Item description for Imitating Jesus: An Inclusive Approach to New Testament Ethics by Richard A. Burridge...
Overview The application of the Bible to moral and ethical issues has been a source of contention through the history of the Christian church. Scripture has been used in support of both sides of varying issues, to support political agendas, to tear apart denominations. With Imitating Jesus Richard Burridge takes a closer look at New Testament ethics and how they play out in various issues, most specifically examining apartheid in South Africa during the twentieth century. First, Burridge approaches the development of New Testament ethics from what he considers its foundational level - the deeds and words of Jesus, his life, death, and resurrection. Next he moves on to the exploration of how Christ affected Paul by examining the apostle's letters. He here finds Paul's underlying Christological understanding which supports his theology and writing. Following this, Burridge delves into each of the four gospels, following the same Christological analysis as he uses for both Jesus and Paul. Finally, he brings the conclusions of all this study to examine the contemporary example of how the ethical material in the New Testament was used in South Africa to justify and support apartheid. It is by undertaking such an exhaustive process and applying it to a modern test case that Burridge is able to provide answers for what ethical material the New Testament does contain and how we may use that, if at all, in following and imitating Jesus today.
Publishers Description In contrast to many studies of New Testament ethics, which treat the New Testament in general and Paul in particular, this book focuses on the person of Jesus himself. Richard Burridge maintains that imitating Jesus means following both his words ? which are very demanding ethical teachings ? and his deeds and example of being inclusive and accepting of everyone.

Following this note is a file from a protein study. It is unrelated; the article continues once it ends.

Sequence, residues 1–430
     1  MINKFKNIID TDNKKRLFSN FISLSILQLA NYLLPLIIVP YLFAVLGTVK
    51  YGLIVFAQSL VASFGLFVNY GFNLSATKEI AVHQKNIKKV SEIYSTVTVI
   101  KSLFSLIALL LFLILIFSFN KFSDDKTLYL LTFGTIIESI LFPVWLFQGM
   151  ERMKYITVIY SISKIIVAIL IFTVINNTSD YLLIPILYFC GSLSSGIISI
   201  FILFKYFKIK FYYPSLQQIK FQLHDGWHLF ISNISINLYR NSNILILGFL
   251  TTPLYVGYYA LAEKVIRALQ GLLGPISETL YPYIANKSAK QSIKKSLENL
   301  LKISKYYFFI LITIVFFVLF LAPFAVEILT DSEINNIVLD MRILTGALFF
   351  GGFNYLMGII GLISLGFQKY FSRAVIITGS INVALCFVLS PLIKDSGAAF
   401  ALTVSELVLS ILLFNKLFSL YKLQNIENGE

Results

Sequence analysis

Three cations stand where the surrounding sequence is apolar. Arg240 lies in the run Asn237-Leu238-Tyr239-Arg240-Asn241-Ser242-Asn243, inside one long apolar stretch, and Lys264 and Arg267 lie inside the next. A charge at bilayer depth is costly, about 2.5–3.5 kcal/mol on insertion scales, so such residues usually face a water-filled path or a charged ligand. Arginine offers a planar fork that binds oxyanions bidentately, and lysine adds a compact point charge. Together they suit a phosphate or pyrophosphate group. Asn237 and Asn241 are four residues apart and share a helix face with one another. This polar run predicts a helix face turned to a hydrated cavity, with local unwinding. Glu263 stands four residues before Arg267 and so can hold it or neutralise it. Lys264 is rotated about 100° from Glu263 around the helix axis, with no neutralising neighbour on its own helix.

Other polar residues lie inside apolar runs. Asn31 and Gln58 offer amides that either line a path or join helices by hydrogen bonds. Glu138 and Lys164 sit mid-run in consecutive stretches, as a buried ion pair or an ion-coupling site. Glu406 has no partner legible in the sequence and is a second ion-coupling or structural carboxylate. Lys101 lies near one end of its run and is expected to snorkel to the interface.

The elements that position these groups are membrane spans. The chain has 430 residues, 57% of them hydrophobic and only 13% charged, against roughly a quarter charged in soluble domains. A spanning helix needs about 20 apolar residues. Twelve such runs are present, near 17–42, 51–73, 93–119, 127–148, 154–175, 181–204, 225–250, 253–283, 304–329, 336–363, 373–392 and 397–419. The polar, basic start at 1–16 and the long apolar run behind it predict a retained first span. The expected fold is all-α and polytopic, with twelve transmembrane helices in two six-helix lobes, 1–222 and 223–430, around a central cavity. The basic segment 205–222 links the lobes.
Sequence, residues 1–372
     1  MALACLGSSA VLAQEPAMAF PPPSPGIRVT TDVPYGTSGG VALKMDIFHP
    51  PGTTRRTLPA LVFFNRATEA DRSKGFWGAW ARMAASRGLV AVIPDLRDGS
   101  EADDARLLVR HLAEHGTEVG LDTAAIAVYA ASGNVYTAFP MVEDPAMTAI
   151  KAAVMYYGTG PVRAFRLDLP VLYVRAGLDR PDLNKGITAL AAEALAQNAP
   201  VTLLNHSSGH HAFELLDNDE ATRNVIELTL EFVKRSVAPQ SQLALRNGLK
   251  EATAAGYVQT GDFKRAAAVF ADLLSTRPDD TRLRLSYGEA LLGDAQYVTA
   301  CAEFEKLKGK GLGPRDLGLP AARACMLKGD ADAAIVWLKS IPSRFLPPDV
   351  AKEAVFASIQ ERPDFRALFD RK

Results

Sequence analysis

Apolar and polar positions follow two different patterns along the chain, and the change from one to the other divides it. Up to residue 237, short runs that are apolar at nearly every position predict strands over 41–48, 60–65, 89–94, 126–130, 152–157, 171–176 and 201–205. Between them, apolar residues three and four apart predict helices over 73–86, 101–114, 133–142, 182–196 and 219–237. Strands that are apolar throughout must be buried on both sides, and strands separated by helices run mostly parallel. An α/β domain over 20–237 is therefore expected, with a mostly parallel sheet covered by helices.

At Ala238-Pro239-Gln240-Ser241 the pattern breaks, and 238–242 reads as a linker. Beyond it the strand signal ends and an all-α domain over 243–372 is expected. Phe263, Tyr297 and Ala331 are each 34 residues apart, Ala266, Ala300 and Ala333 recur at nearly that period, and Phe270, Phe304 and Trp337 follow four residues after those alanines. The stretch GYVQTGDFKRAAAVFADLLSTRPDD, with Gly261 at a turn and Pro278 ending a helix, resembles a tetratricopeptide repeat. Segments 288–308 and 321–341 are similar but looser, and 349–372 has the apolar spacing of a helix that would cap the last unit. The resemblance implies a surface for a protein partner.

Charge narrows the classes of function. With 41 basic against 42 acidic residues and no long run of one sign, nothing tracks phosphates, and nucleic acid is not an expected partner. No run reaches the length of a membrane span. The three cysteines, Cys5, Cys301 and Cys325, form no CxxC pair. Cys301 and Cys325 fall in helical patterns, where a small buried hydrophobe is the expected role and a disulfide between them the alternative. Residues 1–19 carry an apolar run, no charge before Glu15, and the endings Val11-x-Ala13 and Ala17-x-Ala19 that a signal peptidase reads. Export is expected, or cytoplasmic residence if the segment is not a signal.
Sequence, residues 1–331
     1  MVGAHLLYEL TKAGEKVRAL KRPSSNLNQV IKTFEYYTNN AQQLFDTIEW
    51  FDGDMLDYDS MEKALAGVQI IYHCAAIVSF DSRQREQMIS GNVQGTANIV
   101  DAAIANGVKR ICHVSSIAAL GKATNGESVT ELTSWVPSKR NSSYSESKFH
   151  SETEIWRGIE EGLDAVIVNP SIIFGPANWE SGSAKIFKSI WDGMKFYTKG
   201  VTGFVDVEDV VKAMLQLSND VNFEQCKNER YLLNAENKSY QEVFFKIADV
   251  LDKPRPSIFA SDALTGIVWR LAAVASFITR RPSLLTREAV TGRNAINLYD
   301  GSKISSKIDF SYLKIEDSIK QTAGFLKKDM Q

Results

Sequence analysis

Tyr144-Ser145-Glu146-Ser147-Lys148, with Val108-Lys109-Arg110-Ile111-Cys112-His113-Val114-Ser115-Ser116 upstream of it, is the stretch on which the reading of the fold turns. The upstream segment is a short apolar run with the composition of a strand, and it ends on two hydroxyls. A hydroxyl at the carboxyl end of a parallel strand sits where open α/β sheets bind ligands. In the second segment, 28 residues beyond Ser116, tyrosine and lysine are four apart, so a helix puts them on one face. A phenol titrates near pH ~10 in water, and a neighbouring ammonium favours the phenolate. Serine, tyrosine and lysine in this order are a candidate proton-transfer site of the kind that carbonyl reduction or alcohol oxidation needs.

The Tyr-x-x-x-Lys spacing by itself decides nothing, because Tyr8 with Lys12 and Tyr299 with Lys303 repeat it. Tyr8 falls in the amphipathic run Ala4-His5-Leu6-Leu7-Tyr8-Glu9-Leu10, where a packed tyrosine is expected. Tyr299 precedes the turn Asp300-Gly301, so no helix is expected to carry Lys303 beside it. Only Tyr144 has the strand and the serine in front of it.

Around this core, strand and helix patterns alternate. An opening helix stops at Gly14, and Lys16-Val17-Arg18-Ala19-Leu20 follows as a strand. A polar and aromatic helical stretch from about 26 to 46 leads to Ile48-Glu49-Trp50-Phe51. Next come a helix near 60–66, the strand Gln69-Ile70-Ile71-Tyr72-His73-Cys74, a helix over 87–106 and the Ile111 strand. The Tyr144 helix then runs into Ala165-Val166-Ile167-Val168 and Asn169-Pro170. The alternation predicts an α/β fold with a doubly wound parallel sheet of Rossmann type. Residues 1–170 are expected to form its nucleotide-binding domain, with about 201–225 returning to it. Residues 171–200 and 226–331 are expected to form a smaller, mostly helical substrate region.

Burridge carefully and systematically traces that combination of rigorous ethical instruction and inclusive community through the letters of Paul and the four Gospels, treating specific ethical issues pertaining to each part of Scripture. The book culminates with a chapter on apartheid as an ethical challenge to reading the New Testament; using South Africa as a contemporary case study enables Burridge to highlight and further apply his previous discussion and conclusions.
Citations And Professional Reviews Imitating Jesus: An Inclusive Approach to New Testament Ethics by Richard A. Burridge has been reviewed by professional book reviewers and journalists at the following establishments -
Christian Century - 08/26/2008 page 38
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Studio: Wm. B. Eerdmans Publishing Company
Est. Packaging Dimensions: Length: 9.56" Width: 6.56" Height: 1.32" Weight: 2.05 lbs.
Release Date Nov 1, 2007
Publisher WM. B. EERDMANS PUBLISHING CO.
Edition Student/Stdy Gde
ISBN 0802844588 ISBN13 9780802844583
Availability 2 units. Availability accurate as of Oct 20, 2016 08:43.
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More About Richard A. Burridge
Richard A. Burridge is dean of King's College London, where he is also professor of biblical interpretation and director of New Testament studies. His other books includeWhat Are the Gospels? A Comparison with Graeco-Roman Biography and Imitating Jesus: An Inclusive Approach to New Testament Ethics
Richard A. Burridge currently resides in London. Richard A. Burridge was born in 1955 and has an academic affiliation as follows - King's College London.
Richard A. Burridge has published or released items in the following series...
Reviews - What do customers think about Imitating Jesus: An Inclusive Approach to New Testament Ethics?
From William B. Eerdmans Nov 30, 2007
The Bible still matters in many contexts. It certainly matters in South Africa, having shaped their history, both from the side of colonialism and apartheid and from the side of our liberation struggle. The South African context therefore provides an important site for the author's project. Surrounding his South African case study are an in-depth engagement with the full array of scholarship on New Testament ethics and his own careful reading of particular New Testament texts. But it is the South African site that provides the author with an answer to the "so what" question? Vast amounts of biblical scholarship stop short of moving beyond a piling up of ancient detail. The author goes beyond the detail to risk saying something about how and why the detail matters. And while readers in South Africa will derive a special benefit from this study, those in other contexts will also find much that resonates with their own contexts.